State-run utility Korea Electric Power Corp. said Monday that it would raise the electricity rate by 5 won (0.4 cent) per kWh, the maximum level it can raise, starting July in response to rising fuel costs and record losses.
Following the rate hike, both electricity and gas rates will be increased from next month, imposing heavier burdens on businesses and households already being concerned of steep inflation. Under the new pricing system, a household with four members will see an increase of 1,535 won per month, the company said.
But to minimize the burden of some 3.5 million disadvantaged families, the energy provider said it would apply up to a 40 percent or 9,600 won discount per month in the third quarter for them.
Electricity rates consist of a basic fuel cost, a climate environment fee and a fuel cost adjustment fee. Kepco is raising the fuel cost adjustment fee of 5 won per kilowatt-hour to its maximum.
In April, the government already raised the basic fuel cost by 4.9 won per kWh and the climate environment fee by 2 won to 7.3 won. It is also set to raise the basic fuel cost by another 4.9 won in October.
According to Kepco, South Korea’s electricity use rate per capita last year ranked third at 10,330 kWh, the highest since 2018. Canada and US topped the list. But the country’s electricity rate was the fourth-lowest among 35 OECD member countries.
According to a billing system introduced earlier this year, Kepco can raise or lower rates 5 won per kilowatt hour in a year depending on global energy prices.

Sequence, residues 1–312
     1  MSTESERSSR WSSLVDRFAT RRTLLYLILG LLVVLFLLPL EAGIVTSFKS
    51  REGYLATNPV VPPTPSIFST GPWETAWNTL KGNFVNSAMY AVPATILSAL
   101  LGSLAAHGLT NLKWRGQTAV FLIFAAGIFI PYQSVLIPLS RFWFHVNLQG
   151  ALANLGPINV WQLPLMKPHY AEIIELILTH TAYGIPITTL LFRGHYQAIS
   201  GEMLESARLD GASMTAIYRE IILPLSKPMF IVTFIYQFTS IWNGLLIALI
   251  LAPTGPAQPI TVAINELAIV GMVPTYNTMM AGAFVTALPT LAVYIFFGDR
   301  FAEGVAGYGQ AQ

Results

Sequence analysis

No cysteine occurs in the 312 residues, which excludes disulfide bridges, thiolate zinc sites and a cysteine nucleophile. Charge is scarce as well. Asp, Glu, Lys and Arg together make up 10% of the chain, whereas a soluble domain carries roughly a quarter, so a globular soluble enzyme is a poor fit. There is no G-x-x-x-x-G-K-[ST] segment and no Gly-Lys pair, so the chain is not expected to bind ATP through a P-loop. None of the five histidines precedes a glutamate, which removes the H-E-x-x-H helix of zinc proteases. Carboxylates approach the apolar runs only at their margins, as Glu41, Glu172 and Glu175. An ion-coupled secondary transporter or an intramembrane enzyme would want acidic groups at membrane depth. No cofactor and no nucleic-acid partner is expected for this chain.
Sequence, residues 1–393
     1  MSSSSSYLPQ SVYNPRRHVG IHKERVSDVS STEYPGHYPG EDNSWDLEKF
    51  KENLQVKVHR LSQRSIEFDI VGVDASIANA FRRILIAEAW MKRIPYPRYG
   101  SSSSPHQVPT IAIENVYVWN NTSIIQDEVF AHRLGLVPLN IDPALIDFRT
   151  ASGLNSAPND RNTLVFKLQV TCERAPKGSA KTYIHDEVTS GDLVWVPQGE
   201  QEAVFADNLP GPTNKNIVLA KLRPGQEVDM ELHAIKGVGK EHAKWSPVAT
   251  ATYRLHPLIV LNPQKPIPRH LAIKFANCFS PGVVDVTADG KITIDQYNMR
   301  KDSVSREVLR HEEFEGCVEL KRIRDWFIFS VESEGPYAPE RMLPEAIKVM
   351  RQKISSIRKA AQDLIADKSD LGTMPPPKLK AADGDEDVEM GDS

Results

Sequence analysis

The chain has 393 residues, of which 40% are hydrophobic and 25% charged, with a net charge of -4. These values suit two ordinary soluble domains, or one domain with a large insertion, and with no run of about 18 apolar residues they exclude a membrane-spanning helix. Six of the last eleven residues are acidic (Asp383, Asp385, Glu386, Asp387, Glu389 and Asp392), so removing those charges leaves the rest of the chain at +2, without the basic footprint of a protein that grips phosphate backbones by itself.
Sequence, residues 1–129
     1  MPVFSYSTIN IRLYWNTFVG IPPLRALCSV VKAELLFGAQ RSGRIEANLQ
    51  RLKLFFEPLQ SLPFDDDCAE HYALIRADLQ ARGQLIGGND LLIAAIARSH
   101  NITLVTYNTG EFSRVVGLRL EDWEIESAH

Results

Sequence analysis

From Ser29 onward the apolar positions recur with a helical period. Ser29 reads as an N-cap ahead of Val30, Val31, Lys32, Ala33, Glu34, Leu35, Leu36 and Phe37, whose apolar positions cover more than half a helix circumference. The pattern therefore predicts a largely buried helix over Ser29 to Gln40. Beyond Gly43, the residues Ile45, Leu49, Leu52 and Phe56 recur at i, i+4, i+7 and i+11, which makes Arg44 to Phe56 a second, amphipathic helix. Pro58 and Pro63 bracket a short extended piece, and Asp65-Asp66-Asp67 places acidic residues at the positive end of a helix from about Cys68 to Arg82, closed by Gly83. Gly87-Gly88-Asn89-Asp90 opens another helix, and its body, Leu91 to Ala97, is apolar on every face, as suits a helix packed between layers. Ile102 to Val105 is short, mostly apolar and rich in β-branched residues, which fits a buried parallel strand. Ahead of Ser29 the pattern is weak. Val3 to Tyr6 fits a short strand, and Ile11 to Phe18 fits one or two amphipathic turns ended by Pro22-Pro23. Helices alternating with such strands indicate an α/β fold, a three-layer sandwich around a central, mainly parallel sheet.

In the previous quarter, rates were frozen from the first quarter, despite a whopping operating loss of 7.8 trillion won from January to March, compared to last year’s accumulated operating loss at 5.9 trillion won. The electricity operator said that losses are blamed on energy policy changes including the phasing out of nuclear energy and an increase in renewable energy sources.
Although denied several times by the government, Kepco has sought rate hikes the past few years, especially after suffering losses in 2018 and 2019. It turned a profit in 2020 over an initial decrease in global energy prices due to the pandemic.
In a dire attempt to reduce piling debt, the company said it would put equity, property and all overseas coal power plants, including one in the Philippines, up for sale. As of June, Kepco said it had secured 130 billion won by selling equity and property, and has saved 1.3 trillion won in its budget through drastic cost-cutting.
By Kim Da-sol (firstname.lastname@example.org)